Series09 Jun 2021

Japan's seven wonders: World Championships Osaka 2007


Japan's seven wonders - World Championships Osaka 2007 (© Getty Images)


In the latest in our ‘seven wonders’ series, we put the spotlight on the last time Japan hosted the World Athletics Championships – in Osaka in 2007.


Setting the scene

Osaka, Budapest and Berlin all expressed an interest in hosting the 2017 World Athletics Championships. However, after the latter two withdrew their interest before the deadline, Osaka was announced as the host city in Monaco in November 2002.

The championships took place between 25 August and 2 September in the Nagai Stadium. It attracted 1800 athletes from 197 countries.

Broken records

No world records were posted in Osaka but championship records were set in the men’s 200m and women’s steeplechase.

The USA matched their record-breaking haul of 26 medals (last achieved at the 1991 World Athletics Championships in Tokyo) in Osaka, claiming 14 gold medals (equalling their record number of golds also achieved at the 2005 and 2019 editions) to top the medal table.


Headline acts

Allyson Felix was the star of the championships, winning three golds. She emphatically retained her world 200m title and then featured on the USA’s triumphant 4x100m and 4x400m teams – producing a blistering 48.0 leg in the latter event.

One of the other star performers inside the Nagai Stadium was combined events star Carolina Kluft. The Swede banked a hat-trick of world heptathlon titles and did so by setting a European record of 7032 to climb to number two on the world all-time list behind Jackie Joyner-Kersee.

Bernard Lagat became the first man to complete the 1500m and 5000m double at the World Championships with a hugely impressive display of endurance.

The US middle-distance runner bagged the 1500m title by a margin of 0.23 before returning four days later to take out the 5000m title. Lagat edged to the front with 80 metres remaining to repel the challenge of Eliud Kipchoge and complete the unique double.


Home stars

Following the disappointment of Olympic champion Koji Murofushi finishing sixth in the men’s hammer final, it took a brave effort in oppressive heat on the final day by Reiko Tosa in the women’s marathon to ensure Japan would mount the medal podium in Osaka.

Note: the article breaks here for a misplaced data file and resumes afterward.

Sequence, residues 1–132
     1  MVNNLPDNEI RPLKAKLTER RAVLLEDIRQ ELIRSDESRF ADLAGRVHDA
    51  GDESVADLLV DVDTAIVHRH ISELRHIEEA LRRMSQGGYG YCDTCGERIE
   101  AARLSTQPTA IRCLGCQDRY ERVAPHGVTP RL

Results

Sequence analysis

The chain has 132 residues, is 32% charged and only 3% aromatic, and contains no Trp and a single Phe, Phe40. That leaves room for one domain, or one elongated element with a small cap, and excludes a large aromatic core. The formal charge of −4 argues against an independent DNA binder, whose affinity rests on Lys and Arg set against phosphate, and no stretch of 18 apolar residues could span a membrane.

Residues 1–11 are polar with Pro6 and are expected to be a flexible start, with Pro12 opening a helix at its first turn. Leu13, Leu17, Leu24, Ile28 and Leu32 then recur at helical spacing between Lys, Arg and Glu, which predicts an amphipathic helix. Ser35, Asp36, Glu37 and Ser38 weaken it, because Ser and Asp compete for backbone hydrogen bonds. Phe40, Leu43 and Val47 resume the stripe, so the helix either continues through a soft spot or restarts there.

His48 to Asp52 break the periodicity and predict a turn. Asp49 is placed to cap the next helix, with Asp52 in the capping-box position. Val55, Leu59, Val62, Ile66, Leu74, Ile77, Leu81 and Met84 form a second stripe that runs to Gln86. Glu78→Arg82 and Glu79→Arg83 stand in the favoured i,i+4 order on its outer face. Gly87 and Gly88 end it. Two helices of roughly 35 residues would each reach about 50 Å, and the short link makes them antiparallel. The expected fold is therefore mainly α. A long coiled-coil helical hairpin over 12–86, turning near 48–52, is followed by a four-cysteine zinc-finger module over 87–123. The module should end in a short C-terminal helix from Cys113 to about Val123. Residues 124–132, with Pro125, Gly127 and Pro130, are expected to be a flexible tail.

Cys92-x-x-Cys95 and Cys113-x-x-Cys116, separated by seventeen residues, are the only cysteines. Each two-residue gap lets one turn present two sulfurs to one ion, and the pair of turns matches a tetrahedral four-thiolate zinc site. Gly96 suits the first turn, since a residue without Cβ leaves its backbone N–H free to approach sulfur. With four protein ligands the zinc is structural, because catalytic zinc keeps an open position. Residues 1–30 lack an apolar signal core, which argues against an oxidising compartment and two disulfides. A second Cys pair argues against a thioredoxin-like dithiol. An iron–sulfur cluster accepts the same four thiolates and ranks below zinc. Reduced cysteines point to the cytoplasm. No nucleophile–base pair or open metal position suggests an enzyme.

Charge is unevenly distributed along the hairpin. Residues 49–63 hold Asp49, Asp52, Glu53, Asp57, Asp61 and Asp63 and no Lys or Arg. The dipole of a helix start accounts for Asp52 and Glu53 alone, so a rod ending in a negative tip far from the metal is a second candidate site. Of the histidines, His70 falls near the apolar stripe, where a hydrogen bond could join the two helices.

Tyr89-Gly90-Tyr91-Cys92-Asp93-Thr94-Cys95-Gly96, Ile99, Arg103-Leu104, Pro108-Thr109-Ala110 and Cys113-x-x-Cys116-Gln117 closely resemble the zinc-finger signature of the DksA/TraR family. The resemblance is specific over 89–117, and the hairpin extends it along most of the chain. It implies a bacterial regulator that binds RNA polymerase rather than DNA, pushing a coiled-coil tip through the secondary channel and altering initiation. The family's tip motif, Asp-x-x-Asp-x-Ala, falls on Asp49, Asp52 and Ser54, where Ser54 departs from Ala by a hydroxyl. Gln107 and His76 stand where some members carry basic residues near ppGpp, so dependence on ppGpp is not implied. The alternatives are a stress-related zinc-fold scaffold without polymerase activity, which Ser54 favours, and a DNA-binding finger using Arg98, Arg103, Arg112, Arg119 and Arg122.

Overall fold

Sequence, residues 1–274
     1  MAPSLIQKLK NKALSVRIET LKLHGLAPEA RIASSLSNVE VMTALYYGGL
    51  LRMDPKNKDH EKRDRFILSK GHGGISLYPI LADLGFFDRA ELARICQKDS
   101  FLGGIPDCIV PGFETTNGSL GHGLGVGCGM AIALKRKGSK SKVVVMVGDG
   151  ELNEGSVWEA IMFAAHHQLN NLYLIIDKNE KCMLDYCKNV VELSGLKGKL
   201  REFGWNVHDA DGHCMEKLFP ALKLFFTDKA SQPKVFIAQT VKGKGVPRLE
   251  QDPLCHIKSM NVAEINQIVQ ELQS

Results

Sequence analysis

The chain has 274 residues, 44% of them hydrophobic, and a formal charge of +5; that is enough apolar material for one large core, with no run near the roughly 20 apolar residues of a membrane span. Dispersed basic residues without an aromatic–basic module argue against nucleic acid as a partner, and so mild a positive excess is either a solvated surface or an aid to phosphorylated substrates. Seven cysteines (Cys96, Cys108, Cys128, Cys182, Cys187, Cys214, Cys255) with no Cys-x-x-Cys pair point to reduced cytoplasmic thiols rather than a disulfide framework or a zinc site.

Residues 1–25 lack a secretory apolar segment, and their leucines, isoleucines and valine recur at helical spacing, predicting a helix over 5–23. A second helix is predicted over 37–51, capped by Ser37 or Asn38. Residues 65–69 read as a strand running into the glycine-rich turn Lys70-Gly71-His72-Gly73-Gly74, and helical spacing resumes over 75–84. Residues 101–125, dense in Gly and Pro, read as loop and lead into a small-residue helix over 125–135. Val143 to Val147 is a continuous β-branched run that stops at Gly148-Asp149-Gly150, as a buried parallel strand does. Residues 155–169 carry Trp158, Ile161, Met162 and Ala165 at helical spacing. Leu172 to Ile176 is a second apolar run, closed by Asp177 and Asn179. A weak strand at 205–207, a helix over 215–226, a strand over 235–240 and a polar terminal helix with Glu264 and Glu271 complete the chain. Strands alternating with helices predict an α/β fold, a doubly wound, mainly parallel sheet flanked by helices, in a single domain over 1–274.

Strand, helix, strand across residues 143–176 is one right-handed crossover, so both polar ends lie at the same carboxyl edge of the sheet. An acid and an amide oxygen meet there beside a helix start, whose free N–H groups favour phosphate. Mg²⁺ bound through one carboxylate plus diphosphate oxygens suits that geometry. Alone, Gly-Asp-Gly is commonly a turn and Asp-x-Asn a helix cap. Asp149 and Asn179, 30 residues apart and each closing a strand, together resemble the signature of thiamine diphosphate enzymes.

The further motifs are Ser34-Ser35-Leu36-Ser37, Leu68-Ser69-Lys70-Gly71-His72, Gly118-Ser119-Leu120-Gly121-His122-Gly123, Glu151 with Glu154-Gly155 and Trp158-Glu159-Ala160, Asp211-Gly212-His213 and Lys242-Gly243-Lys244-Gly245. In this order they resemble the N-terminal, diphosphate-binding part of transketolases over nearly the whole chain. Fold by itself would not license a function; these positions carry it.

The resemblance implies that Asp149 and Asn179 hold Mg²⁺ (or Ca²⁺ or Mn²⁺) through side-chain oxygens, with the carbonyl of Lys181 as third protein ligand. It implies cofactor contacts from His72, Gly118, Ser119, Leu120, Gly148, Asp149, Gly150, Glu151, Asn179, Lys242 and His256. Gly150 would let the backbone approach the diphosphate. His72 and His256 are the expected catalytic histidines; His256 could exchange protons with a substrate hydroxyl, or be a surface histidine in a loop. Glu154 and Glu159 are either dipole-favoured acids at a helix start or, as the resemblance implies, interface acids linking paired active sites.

At 40km, Tosa was two seconds off a lead group of three, but after Zhu Xiaolin of China rapidly dropped off the pace, Tosa, the world silver medallist six years earlier in Edmonton, advanced to claim a bronze medal.

The Japanese quartet also set an Asian record of 38.03 to take fifth – just 0.13 off the podium – in the men’s 4x100m.

In the men’s marathon, Japanese athletes took fifth through to seventh, led by Tsuyoshi Ogata, who finished 17 seconds shy of the podium.


Talk of the town

The men’s long jump served up one of the most dramatic competitions of the championships.

Long-time leader Irving Saladino was overhauled by Andrew Howe by one centimetre with the Italian’s final jump. However, remaining calm and composed in the most high-pressure of scenarios, the Panamanian responded wonderfully with his final jump to soar out to a South American record of 8.57m and claim a dramatic gold.

Little more than 18 months after first taking up the sport, Donald Thomas of The Bahamas struck gold in the men’s high jump with a 2.35m clearance.

Meanwhile, Kenenisa Bekele secured a hat-trick of world 10,000m titles with a typically dominant display by the Ethiopian endurance king.

The women’s 100m final proved a classic as just 0.04 covered the top five with the gold and silver medallists, respectively, Veronica Campbell-Brown and Lauryn Williams only separated by two-thousandths of a second.

In the women’s discus, Franka Dietzsch, at the age of 39, became the second oldest ever world champion, thr German hurling the discus out to a best of 66.61m for gold.


For the first time, state-of-the-art pole vault mats were used which would drain rain, rather than pools of water forming on the surface. Other innovations introduced in Osaka included a ‘Citizen’s Supporting Association’ which was formed to drum up local interest in the championships. Support included cheerleading for marathon runners.



Generally played out in hot and humid conditions, the 2007 World Championships will be remembered for a record-breaking number of nations climbing the podium – 46 – which still remains a record today.

The war on doping was also stepped up with the number of drug tests for the first time exceeding 1000 (976 in competition and 82 in training camps). These were also the final championships where numbers rather than names appeared on the front of athletes’ bibs.

Steve Landells for World Athletics




















男子4x100mリレーではアジア記録の38.03で5位、これは表彰台まで惜しくも0.13秒で あった。















World Athletics Steve Landells
訳:World Athletics 大久保マイケル拓磨

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